All the while, studies clearly indicate that bone density isn't the only or best indicator of bone health or of fracture risk.3 Millions of prescriptions have been written for osteoporosis drugs, even though they have well-documented and horrific side effects.

Much like Hormone Replacement Therapy, a natural part of aging -reduced bone density- was redefined as a disease and used to sell ineffective and dangerous drugs.


Osteoporosis and osteopenia were invented in the 90s after the International Osteoporosis Foundation decided that age-related bone loss was a disease that required pharmaceutical intervention. In fact, bone loss is a natural part of aging and is only one factor of fracture risk– not the sole determining factor. Big Pharma is still profiting from this invented disease.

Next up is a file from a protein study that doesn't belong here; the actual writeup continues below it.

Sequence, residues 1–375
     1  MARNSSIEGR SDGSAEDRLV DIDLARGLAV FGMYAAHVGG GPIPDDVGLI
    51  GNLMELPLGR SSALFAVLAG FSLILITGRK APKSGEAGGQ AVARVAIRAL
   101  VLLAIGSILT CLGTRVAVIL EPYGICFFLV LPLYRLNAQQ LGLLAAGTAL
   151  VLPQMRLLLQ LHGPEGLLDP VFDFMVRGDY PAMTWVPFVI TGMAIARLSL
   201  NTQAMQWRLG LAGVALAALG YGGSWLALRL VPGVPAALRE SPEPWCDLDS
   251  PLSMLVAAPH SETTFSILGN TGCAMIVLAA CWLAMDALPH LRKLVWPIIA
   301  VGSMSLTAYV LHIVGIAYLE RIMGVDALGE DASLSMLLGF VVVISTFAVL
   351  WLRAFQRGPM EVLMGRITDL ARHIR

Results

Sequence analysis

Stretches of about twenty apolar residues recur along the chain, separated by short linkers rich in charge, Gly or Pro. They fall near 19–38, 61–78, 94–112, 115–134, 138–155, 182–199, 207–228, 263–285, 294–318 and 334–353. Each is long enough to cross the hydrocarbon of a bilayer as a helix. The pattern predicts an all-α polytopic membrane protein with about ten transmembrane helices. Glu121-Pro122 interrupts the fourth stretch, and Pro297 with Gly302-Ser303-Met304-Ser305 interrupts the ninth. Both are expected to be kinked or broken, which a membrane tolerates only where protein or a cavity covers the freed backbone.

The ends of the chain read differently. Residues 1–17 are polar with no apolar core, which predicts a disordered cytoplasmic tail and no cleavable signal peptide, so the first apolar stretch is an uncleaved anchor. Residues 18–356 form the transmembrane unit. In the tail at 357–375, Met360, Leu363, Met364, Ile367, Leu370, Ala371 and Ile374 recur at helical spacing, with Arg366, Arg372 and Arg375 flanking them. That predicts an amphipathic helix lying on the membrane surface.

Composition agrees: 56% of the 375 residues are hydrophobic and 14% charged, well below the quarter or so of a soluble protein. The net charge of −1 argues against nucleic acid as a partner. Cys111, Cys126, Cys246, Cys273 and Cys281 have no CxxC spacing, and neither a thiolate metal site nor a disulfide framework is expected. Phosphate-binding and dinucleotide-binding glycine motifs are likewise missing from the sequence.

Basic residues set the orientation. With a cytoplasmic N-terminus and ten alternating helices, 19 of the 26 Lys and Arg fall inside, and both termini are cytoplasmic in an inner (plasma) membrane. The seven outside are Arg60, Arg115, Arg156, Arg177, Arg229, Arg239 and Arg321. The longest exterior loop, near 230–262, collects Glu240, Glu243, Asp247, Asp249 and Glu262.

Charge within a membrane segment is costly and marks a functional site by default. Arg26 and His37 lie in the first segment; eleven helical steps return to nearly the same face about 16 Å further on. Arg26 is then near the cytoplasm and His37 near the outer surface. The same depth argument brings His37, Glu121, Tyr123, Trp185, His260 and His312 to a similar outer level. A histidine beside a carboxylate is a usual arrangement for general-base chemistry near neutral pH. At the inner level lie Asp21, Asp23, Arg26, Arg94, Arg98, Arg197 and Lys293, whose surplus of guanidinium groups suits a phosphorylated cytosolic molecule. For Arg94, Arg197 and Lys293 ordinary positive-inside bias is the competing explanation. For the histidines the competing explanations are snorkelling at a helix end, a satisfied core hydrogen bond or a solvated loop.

What This Means To You

Don't let the Medical Establishment convince you that you're sick, simply because your body is undergoing perfectly natural changes. You can stay healthy, strong, and independent throughout those changes by making smart choices about diet, exercise, and lifestyle.

Aging, and the bone loss that can accompany it, does not need to be met with a barrage of drugs. The Osteoporosis Reversal Program details a natural, drug-free approach to building stronger bones that can resist fracture and a healthier life.





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Comments on this article are closed.

  1. Tracy DeWitt